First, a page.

[La] Language:eng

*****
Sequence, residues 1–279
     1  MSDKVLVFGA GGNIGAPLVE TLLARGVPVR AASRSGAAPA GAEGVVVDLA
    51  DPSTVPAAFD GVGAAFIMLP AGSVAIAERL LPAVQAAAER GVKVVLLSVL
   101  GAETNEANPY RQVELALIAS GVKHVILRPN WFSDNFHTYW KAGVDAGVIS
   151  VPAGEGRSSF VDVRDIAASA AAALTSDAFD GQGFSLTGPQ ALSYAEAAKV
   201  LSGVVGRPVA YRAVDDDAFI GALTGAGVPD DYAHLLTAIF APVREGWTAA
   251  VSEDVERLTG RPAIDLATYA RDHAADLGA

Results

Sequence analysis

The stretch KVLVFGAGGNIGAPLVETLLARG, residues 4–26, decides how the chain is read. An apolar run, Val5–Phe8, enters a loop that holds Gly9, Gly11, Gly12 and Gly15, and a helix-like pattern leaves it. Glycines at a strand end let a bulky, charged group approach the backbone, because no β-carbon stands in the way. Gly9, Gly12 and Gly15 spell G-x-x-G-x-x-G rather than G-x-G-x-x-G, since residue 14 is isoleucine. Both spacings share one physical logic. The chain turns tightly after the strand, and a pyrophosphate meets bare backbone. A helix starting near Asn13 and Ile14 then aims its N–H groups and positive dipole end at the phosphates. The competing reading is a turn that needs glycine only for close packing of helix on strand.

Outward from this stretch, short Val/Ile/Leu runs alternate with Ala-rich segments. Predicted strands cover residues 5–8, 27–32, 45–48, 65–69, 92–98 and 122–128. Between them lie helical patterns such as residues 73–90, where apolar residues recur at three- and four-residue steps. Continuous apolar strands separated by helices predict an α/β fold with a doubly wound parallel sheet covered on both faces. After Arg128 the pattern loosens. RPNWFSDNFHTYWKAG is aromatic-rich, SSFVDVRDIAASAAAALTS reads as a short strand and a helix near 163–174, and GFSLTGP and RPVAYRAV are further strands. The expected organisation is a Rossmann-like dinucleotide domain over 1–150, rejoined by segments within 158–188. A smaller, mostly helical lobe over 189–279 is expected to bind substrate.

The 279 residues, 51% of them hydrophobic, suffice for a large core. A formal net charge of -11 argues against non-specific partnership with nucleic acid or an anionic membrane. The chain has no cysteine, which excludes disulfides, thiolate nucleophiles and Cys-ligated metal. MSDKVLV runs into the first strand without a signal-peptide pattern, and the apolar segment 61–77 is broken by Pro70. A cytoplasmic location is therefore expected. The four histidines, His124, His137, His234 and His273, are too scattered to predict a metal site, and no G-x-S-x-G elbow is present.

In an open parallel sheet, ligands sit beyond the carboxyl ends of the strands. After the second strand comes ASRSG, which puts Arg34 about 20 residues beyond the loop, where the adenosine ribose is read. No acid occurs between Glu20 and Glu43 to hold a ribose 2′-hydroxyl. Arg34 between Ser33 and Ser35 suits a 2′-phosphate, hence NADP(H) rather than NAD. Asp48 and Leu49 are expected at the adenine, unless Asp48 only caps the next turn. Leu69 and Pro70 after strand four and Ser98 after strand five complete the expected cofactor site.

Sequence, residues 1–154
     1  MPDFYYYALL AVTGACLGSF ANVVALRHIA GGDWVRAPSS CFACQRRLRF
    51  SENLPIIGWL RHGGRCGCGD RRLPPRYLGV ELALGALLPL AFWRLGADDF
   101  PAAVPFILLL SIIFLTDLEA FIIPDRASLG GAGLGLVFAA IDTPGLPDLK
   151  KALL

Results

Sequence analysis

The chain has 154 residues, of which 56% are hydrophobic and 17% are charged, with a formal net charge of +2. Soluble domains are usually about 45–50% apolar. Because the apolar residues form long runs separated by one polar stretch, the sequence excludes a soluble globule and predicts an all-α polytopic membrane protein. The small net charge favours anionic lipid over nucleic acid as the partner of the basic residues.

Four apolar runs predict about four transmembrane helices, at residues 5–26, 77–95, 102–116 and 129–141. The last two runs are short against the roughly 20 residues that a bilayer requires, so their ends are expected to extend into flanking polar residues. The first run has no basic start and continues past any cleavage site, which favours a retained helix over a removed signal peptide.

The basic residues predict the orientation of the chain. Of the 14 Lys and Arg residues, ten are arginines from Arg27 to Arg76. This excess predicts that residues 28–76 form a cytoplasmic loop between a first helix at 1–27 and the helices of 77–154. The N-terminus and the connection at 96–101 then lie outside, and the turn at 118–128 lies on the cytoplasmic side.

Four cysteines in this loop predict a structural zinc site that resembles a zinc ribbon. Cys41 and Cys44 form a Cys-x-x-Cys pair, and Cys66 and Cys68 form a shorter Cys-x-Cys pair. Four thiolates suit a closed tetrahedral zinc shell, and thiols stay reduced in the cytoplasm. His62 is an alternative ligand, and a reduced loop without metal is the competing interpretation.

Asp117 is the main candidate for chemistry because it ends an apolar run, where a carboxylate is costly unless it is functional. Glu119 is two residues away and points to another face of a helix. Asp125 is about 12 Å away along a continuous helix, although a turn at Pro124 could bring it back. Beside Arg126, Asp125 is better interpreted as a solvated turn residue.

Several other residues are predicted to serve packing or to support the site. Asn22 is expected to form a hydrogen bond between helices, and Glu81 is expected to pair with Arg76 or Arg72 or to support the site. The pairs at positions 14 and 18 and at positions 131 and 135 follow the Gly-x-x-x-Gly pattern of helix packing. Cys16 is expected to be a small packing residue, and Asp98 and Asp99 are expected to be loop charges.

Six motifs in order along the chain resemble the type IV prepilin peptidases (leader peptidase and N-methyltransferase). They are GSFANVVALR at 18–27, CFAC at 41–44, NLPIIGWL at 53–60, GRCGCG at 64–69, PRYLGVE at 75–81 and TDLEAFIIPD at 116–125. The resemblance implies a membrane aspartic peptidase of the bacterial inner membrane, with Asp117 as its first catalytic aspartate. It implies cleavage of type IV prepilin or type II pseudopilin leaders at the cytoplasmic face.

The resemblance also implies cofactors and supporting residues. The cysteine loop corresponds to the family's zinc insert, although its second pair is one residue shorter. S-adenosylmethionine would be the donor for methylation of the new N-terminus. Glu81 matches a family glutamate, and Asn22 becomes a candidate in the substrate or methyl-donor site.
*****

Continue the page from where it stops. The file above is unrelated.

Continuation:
[Ab] Abstract:We report the first application of ultra-deep sequencing (UDS) to varicella-zoster virus (VZV) genotypic antiviral testing in a case of acyclovir-resistant VZV infection initially detected by Sanger sequencing within a deeply immunocompromised heart transplant recipient. As added-value compared to Sanger analysis, UDS revealed complex dynamics of viral population under antiviral pressure. Varicella-zoster virus (VZV) is a ubiquitous human herpesvirus affecting populations worldwide. VZV is commonly acquired in youth whose primary infection usually manifests as benign varicella (chickenpox). After the initial infection, the virus establishes lifelong latency in sensory ganglia leading to a risk of subsequent reactivation. Reactivation usually results in the development of localized herpes zoster (HZ) lesions, a painful skin rash commonly known as shingles (Cohen, 2013). The incidence and severity of HZ increase with impaired specific cell-mediated immunity mainly as a result of increasing age, malignancy, immunodeficiency, organ transplantation, or immunosuppressive drug therapy (Cohen, 2013; Koo et al., 2014; Pavlopoulou et al., 2015). In particular, HZ remains a significant cause of morbidity among solid organ transplant (SOT) recipients, especially in patients undergoing heart transplantation (HT) compared with liver, kidney, or lung transplant recipients (Carby et al., 2007; Koo et al., 2014; Pavlopoulou et al., 2015). These particular individuals are at increased risk of primary infection, reactivation followed by dissemination with visceral involvement and associated with bacterial superinfection, and chronic recurrences (Cohen, 2013). VZV infections may also engender debilitating neuralgia among highly immunocompromised patients (Sampathkumar et al., 2009). HT is also associated with the risk of reactivation of other latent viruses belonging to the Herpesviridae family as herpes simplex virus (HSV). Currently licensed drugs to prevent or to cure HSV- or VZV-associated diseases target the viral DNA polymerase (Pol). Acyclovir (ACV) and its prodrug valacyclovir (VACV) are considered as the first-line therapy, whereas foscarnet (FOS) or cidofovir (CDV) constitute alternative options. After primophosphorylation by the viral thymidine kinase (TK), ACV targets the viral DNA polymerase and inhibits the viral genome replication by a chain termination mechanism. According to this mechanism of action, viral mutations conferring resistance to ACV have been mapped both in TK and Pol encoding genes. Viral mutations conferring resistance to FOS and CDV are only detected in Pol gene. VZV ACV-resistance is mostly mediated by TK alterations, consisting in either translational frameshifts, sometimes associated with premature stop codon, or amino acid substitutions. In the remaining cases, amino acid substitutions are detected within Pol (De et al., 2015; Piret and Boivin, 2014). Classically, Sanger sequencing has been recognized as the gold standard for the detection of drug resistance mutations (DRMs) within VZV TK and Pol genes (Perrier et al., 2016; Piret and Boivin, 2014). However, this approach cannot detect minor variants present at a frequency below 20%. Ultra-deep sequencing (UDS) has an enhanced sensitivity compared to Sanger method and allows quantitative evaluation of the viral mutants (Chin et al., 2013). We report here a case of VZV resistant infection in an HT recipient. Our retrospective study aimed at showing the utility of UDS for DRM detection as a complement of Sanger method.